There are probably more than a million guns & items in the game, but there are only a few that are actually worth bothering with. 95% of all the guns that you can loot are just way to weak, so they just end up in your backpack so you can sell them later. It's very annoying that almost every enemy drops a weapon and that they sometimes blend in with items like ammo or health. Very often I would try to find some ammo during a boss-fight and ended up finding a worthless weapon in my hands because I swapped it with my own by accident.
The Bottom Line
Borderlands is a very fun and enjoyable RPG that works perfectly with the shooter part of the game. It's full of awesome boss-fights and camps to raid, the light story also makes it easy to replay this game because you can just ignore the story during your second playthrough and just follow the instructions.
A second player is a must though and the incredible amount of worthless items is a bit annoying, but those are just minor problems that I can ignore, it's a gem that requires a little polish. If you're a fan of RPG's with a light story or a fan of shooters that is growing bored of the usual Call of Duty games, this game might be worth a shot. If you're into "The Witcher" games or similar heavy RPG's this game might bore you due to the lack of a deep story, but it might still be worth a look if you ever find it in the budget-section of a shop.
Xbox 360 · by Asinine (957) · 2011
There are plenty of First person games out there that mix in role playing elements. System Shock, Deus Ex, and even the recent Fallout 3. Despite this it seems that there isn't a 'true' FPS/RPG, as it seems that the RPG elements are usually toned down. There was no 'leveling' perse in Deus Ex or System Shock, and Fallout 3 had scaled leveling and a fairly straight forward leveling system. Yet now we have Borderlands which is, in all honesty, one of the first games that truly balances equal parts shooter and equal parts RPG.
The RPG elements and structure are, surprisingly enough, very similar to Diablo in that you go around a rather desolate and strange world and slaughter as many things and picking up anything they drop, while you slowly level a character and dump points into a branching skill system. There are 4 classes in Borderlands, since I'm a twitchy action fan who was weaned on Quake I picked the Soldier pretty quickly because it said he was specialized with shotguns. There's a sniper class, a class that I'm assuming is stealth (They call her the 'Siren' but she goes invisible/uses blades so that's why I assume she's stealth) and then there's a class called 'Brick' that appears to basically be The Incredible Hulk. I haven't really messed around with the other classes yet, although my friend uses the "Brick" class and usually runs around with his fists out turning foes into red pulp.
The combat is very satisfying. As I said, the game perfectly balances the RPG elements with the Shooter elements and doesn't sacrifice one for the other. For every RPG element there is, there's a shooting element mixed in and vice versa. For example, each class specializes in a different weapon type. I picked the soldier who specializes in Shotguns and assault rifles. I started off better with said weapon styles, but I still had to build skill for the various weapon types and I wasn't as proficient with pistols or sniper rifles and the more I used them the more skilled I became with them. The guns are a ton of fun to shoot, and there are literally thousands of various types of each weapon.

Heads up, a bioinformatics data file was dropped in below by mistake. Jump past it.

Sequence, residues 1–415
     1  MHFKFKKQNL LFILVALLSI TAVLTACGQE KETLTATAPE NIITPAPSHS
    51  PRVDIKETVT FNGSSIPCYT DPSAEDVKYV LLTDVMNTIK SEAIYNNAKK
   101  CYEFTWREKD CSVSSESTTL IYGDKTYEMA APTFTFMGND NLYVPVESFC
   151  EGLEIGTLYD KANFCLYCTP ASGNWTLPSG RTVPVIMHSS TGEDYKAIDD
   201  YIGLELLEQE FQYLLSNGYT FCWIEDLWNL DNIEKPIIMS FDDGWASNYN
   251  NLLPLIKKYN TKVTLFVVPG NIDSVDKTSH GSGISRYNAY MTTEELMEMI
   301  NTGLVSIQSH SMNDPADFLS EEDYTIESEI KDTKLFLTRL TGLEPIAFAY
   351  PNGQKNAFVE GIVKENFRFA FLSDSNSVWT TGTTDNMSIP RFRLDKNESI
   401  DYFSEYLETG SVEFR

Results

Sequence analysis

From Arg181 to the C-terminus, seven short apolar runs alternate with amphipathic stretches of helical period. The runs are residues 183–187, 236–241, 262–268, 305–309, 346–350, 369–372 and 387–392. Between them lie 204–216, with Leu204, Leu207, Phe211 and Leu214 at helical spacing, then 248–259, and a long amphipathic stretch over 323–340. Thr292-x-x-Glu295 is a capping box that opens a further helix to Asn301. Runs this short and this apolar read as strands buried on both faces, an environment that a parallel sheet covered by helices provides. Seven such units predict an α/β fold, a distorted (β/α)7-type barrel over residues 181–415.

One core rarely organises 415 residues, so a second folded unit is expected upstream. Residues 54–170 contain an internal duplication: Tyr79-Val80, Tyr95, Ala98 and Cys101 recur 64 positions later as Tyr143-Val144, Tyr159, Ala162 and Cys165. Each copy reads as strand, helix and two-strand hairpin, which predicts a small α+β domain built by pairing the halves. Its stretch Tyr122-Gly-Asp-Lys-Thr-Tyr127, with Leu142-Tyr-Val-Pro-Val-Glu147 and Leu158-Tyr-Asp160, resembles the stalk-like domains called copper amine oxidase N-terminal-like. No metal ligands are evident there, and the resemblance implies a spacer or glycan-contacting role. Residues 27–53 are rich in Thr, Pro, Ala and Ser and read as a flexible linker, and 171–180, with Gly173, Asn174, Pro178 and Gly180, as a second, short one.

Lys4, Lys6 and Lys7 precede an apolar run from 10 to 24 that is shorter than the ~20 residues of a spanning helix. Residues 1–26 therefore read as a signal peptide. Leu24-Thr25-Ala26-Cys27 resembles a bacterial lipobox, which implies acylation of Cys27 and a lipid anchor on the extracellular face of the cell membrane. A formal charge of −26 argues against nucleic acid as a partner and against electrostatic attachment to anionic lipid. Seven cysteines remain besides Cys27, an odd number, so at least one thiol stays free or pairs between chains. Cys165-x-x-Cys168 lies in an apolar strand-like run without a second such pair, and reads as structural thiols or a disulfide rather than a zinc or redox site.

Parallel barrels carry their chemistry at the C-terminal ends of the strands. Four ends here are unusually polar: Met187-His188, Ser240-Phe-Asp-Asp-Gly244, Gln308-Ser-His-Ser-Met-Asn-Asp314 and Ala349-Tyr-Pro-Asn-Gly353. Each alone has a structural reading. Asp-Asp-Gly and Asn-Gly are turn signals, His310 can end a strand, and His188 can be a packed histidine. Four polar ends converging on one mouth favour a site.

The game lets you compare weapons where it counts; in accuracy, fire rate, clip size, damage, etc. and there are also 'elemental' weapons that are a helluva lot of fun. Elemental weapons will have a special effect on enemies if you get a critical hit on an enemy. If you get a critical using a fire element weapon, they will start on fire. Get a critical with a water element pistol and they will melt into a puddle of liquid. The amount of different weapons/manufacturers, and of course "unique" weapons owned by unique characters is absolutely staggering. Combat is fast paced and fun.
Although it isn't the most technically proficient title, Borderlands looks cool. Its yet another example of art design covering up mediocre technical specs. The game is heavily cel-shaded (Yay! Seriously, there hasn't been a single fully cel-shaded game this generation yet :<) and the style makes the game look like a living comic. There are plenty of funky looking aliens on the planet of Pandora (Yes, believe it or not, the game isn't a post apocalypse like one might first assume looking at screenshots.. its some planet called Pandora) with cool designs. The human enemies also look cool, often wearing twisted masks and traditional Mad Max Raider garb. Plus the game has evil horny mutant midgets with axes. I'm not kidding.
Mentioning the evil horny mutant midgets, the game is actually pretty funny. It definitely takes a page from Fallout by using dark, absurd, and often dirty humour to lighten the otherwise serious scenario. There's a robot named Claptrap whose sure to please fans of the character "Gir" from Invader ZIM, a funny blind redneck named TK who keeps losing prosthetic limbs to a wild Skag, and a boss early on who is introduced in a Grindhouse style cutscene that proudly announces him as "9 TOES (Also, he has 3 balls!)" and various other grim and silly scenarios. There are plenty of times you will laugh thanks to the great humour and voices, especially if you are a fan of the style of humour from the Fallout games.